Everyday Mathematics The University of Chicago School Mathematics Project
About Everyday Mathematics

Assessment FAQs

What happened to BDS? Why is it missing from the Third Edition?

In the second edition of Everyday Mathematics the terms beginning, developing, and secure were used to describe both learning goals and also student performance in relation to these learning goals. Feedback from users of the second edition indicated that using the same terms to describe both the curriculum and student performance was confusing.

Teachers who have used Everyday Mathematics have various understandings of the terms beginning, developing, and secure. Some of these understandings are those that the EM authors intended; others are not. Rather than attempt to redefine existing terminology, the authors have chosen new terms. (Note that the new terminology does not reflect a fundamental change in the Everyday Mathematics approach. The new terminology is intended to clarify that approach and make it easier to implement.)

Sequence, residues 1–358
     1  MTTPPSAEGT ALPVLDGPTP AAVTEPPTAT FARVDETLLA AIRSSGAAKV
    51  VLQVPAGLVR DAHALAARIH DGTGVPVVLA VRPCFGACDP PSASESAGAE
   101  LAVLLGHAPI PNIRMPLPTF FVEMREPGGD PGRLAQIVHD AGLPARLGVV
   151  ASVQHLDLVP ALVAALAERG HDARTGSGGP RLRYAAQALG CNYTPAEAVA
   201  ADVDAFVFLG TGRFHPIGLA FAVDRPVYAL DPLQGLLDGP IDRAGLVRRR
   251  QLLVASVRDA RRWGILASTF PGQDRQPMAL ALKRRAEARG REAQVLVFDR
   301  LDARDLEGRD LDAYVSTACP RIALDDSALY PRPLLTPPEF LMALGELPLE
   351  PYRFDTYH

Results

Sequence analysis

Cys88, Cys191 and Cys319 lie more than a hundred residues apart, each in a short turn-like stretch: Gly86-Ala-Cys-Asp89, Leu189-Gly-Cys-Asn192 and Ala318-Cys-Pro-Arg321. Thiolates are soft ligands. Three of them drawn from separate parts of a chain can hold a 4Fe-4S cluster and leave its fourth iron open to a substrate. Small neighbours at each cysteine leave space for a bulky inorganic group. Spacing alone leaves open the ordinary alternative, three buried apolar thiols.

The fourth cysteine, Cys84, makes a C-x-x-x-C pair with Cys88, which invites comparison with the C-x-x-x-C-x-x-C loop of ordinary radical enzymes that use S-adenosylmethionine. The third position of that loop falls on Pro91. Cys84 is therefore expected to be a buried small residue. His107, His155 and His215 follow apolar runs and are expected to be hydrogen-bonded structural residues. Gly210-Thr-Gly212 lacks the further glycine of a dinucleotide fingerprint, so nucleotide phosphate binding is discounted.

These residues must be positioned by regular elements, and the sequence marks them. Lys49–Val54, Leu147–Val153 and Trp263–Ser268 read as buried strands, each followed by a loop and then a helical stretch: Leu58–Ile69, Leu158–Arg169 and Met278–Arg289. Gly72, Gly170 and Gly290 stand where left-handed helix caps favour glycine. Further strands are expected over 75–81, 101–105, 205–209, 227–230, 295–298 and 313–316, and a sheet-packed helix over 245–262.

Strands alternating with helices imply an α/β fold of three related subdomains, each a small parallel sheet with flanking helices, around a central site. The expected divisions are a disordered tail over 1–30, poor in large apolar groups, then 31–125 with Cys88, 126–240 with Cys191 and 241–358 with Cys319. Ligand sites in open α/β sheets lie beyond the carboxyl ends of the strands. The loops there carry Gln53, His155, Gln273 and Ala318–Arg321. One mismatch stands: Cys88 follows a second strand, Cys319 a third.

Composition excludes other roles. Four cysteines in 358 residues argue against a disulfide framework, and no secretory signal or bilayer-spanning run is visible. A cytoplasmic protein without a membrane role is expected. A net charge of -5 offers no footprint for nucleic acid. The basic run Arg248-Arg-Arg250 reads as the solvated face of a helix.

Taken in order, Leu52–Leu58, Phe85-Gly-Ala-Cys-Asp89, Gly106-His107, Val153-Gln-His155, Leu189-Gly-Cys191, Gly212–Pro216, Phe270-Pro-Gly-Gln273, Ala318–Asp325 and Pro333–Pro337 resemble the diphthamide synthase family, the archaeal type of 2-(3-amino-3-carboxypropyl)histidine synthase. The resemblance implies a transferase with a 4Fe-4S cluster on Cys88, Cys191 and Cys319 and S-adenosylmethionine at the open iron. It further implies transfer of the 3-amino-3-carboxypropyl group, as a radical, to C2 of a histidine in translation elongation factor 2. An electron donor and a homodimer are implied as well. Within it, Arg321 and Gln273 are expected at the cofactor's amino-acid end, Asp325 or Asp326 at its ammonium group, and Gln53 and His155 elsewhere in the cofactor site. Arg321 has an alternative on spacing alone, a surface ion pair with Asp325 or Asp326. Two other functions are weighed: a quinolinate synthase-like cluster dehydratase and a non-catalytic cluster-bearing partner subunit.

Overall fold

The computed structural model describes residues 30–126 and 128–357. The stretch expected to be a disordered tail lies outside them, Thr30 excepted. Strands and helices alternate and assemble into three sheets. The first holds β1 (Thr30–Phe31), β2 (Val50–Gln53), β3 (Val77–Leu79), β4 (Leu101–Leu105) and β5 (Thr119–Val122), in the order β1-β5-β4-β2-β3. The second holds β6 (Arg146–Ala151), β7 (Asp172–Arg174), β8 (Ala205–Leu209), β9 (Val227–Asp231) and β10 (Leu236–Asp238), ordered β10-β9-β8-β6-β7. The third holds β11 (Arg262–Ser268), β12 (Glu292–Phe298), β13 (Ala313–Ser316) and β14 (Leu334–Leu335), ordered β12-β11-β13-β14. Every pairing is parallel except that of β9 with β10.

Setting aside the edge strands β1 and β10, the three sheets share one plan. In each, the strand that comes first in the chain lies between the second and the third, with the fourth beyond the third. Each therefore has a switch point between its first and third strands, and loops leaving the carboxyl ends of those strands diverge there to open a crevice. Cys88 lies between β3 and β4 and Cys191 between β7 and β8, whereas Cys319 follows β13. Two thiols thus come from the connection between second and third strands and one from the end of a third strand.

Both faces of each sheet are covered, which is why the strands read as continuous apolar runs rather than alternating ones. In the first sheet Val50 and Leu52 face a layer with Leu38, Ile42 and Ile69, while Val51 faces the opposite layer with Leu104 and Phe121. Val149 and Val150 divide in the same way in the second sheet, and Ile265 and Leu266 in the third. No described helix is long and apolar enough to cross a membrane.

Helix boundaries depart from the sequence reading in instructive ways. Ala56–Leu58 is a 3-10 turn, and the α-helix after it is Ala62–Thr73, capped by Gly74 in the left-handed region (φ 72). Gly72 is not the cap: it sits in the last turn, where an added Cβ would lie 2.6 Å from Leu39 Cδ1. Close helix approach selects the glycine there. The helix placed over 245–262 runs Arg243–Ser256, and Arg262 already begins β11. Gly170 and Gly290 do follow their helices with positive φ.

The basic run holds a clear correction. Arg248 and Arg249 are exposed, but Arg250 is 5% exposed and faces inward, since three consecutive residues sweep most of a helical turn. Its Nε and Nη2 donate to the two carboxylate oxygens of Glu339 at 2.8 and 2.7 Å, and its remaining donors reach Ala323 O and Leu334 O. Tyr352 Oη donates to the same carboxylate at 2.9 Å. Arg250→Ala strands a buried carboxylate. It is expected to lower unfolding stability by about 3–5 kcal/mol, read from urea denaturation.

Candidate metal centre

Related Links



Authors of Everyday Mathematics answer FAQs about the CCSS and EM.

View the archived webinar

Everyday Mathematics and the Common Core State Standards for Mathematical Practice

Andy Isaacs, director of EM revisions, discusses the CCSSM edition of Everyday Mathematics. Learn more

Everyday Mathematics Virtual Learning Community

Join the Virtual Learning Community to access EM lesson videos from real classrooms, share resources, discuss EM topics with other educators, and more.

Grade-Level Information

Access grade-specific resources for teachers, such as pacing guides, literature lists, and games.

Professional Development

The Center for Elementary Mathematics and Science Education offers strategic planning services for schools that want to strengthen their Pre-K–6 mathematics programs.

On the Publisher's Site

McGraw-Hill Education's website features supplemental materials, games, assessment and planning tools, technical support, and more.